“You’re not driven by your body or by your children,” Davis says. “If you’re in a relationship, you’re probably mature enough to know what’s bullshit. It’s a freeing place.”
No More Burpees
Taking care of her 54-year-old body is different from when she was in her 30s. Self care, key for her, means eating right and exercising on a regular basis. She is a proponent of Active Resistance Training, (ART), which she learned from creator, trainer Terri Walsh. It is based on four active resistance points that drive motion from the inside out, reducing the reliance on high-impact cardio.
“I don’t want to do burpees and jump on boxes,” says Davis. “I do want to stay mobile and active.”
She plans to live a long life, and has plenty of positive examples of what it looks like to be an older woman. She points to Nancy Pelosi, Maxine Waters (with her Chanel suits), and “The Notorious RBG.”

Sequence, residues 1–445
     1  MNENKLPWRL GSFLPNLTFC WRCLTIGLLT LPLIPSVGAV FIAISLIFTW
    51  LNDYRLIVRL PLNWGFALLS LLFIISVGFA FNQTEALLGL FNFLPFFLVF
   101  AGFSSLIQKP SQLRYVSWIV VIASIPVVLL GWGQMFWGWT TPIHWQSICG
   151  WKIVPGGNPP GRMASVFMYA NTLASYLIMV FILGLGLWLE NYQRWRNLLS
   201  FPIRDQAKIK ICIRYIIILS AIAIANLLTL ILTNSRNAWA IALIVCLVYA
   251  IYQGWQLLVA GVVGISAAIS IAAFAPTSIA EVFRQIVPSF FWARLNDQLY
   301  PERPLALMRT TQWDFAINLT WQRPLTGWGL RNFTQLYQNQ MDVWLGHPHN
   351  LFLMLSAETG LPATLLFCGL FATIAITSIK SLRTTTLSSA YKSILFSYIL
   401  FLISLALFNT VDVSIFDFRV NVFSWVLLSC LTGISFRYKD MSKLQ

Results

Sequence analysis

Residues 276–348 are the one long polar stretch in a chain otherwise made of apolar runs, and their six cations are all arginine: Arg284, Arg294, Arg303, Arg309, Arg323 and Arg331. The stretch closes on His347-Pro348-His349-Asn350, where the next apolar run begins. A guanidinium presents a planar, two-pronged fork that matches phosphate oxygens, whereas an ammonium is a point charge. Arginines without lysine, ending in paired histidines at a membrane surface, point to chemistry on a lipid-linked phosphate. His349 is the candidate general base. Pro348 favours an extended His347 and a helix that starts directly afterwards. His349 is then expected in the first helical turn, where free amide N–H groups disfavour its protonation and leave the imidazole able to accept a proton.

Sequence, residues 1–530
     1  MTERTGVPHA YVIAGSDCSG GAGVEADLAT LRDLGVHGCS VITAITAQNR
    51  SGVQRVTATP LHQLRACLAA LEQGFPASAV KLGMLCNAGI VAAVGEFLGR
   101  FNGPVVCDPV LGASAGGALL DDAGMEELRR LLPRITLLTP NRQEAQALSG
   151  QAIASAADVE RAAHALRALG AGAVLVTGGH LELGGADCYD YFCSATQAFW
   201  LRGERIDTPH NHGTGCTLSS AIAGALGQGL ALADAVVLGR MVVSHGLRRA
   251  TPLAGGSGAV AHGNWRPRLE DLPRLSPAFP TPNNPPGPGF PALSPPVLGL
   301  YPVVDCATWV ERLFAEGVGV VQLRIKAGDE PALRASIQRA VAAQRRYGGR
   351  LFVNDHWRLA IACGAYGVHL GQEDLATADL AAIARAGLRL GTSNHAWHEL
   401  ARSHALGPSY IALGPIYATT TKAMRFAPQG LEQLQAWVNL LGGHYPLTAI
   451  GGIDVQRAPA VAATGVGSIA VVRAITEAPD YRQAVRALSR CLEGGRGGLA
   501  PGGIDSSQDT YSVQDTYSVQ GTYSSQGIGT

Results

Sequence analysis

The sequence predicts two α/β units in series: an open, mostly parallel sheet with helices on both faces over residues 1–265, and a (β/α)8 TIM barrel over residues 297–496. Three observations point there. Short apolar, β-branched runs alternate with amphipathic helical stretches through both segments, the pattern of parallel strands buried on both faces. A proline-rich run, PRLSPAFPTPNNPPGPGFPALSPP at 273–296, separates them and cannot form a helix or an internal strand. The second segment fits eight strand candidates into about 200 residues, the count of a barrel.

And one of her favorite role models is her own mother who, at the age of 79, pulled up roots from her longtime home on the eastern shore of Maryland to live in Sedona, Arizona, where she meditates, levitates and bops around town in her red convertible.
“She’s living her best life at 81,” says Davis. “If we keep paying attention to ourselves, we’ll keep going and growing. That’s what aging really is. It’s growing.”